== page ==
- As you meet up with each person they will give you a printout of their key fingerprint and show you their ID. Examine their ID, and if you are convinced that the person standing in front of you is actually who they say they are then write 'ID OK' on their key fingerprint and initial it to prevent tampering. You then keep their key fingerprint in a safe place for later reference after the event has finished.
After the Key signing
Following the key signing, you'll need to actually sign people's keys. The easiest way to do this is to use caff which is conveniently packaged in the Ubuntu signing-party package. caff lets you sign a number of keys at once, and will then email each recipient their signed key, encrypted with their key (actually, it sends one email per UID on the target key, so those people with 10 UIDs on their key will get 10 emails from caff, but that's OK - it makes sure they control that email address too). They must know their own pass phrase to retrieve their signed key, which they can then import into their gpg keyring and upload to the key server pgp.mit.edu.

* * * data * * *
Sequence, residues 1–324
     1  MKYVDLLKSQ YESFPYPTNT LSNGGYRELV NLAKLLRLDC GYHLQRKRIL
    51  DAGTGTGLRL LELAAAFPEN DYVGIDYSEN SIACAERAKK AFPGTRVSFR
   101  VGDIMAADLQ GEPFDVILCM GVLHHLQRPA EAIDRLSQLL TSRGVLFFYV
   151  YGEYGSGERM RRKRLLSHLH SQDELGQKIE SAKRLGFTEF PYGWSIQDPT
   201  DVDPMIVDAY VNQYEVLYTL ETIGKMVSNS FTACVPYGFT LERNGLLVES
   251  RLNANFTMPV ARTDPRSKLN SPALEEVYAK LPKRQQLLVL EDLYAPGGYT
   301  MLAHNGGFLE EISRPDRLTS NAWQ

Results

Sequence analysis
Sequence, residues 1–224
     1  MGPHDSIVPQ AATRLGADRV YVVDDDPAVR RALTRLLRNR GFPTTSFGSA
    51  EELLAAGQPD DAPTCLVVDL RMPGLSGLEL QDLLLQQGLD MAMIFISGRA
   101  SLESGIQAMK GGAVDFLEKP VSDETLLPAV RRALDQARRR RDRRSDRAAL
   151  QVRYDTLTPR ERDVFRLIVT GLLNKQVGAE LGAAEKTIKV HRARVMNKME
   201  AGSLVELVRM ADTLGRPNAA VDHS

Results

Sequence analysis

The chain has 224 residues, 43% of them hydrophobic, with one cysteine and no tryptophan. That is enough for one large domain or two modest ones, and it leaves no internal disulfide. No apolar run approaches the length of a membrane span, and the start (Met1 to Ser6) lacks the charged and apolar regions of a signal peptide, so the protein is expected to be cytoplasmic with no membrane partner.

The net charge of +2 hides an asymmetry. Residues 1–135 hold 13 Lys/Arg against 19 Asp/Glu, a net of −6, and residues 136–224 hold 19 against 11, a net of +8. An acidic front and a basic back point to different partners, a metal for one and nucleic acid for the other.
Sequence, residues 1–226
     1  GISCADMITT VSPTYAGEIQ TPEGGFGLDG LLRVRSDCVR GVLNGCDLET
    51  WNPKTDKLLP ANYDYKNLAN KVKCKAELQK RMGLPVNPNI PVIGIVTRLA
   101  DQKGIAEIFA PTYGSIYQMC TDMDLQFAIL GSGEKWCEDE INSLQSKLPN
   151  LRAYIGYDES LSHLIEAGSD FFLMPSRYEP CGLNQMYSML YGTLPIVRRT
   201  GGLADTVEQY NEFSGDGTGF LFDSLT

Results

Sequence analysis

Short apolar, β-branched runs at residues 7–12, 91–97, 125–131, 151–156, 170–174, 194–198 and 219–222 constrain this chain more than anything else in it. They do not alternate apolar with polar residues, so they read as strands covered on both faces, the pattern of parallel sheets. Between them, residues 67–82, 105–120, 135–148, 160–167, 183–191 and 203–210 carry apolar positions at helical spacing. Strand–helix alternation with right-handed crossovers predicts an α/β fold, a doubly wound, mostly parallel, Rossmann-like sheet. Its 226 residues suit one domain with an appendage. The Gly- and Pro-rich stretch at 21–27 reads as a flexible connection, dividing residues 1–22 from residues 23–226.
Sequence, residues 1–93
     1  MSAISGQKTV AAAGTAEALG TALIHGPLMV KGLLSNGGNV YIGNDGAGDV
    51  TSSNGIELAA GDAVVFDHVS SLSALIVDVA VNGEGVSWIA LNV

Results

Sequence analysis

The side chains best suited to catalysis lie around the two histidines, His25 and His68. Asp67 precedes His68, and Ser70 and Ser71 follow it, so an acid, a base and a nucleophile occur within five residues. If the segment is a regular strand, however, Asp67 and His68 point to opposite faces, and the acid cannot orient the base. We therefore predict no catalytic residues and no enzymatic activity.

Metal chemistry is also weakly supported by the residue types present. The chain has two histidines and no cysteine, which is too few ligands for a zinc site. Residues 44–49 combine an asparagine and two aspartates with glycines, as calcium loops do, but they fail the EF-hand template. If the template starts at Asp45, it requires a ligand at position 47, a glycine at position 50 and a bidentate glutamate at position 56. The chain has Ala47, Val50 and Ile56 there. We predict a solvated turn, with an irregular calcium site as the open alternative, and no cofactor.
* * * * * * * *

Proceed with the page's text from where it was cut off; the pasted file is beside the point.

caff isn't a very friendly to desktop users (it requires a local MTA or open SMTP server) who don't know Perl. If you don't mind a little light work on the command line and use KMail, there exists a quick Python script for automated keysigning with KMail. It removes the annoying manual labor bits of the procedure described below, and sends e-mails using KMail.
- Participants retrieve the public keys of all key signing participants by fetching individual keys from public key servers.
- Participants work through their collection of signed fingerprint slips, checking the fingerprint of each key against the fingerprint on the slip and signing keys that match and are ticked for valid ID.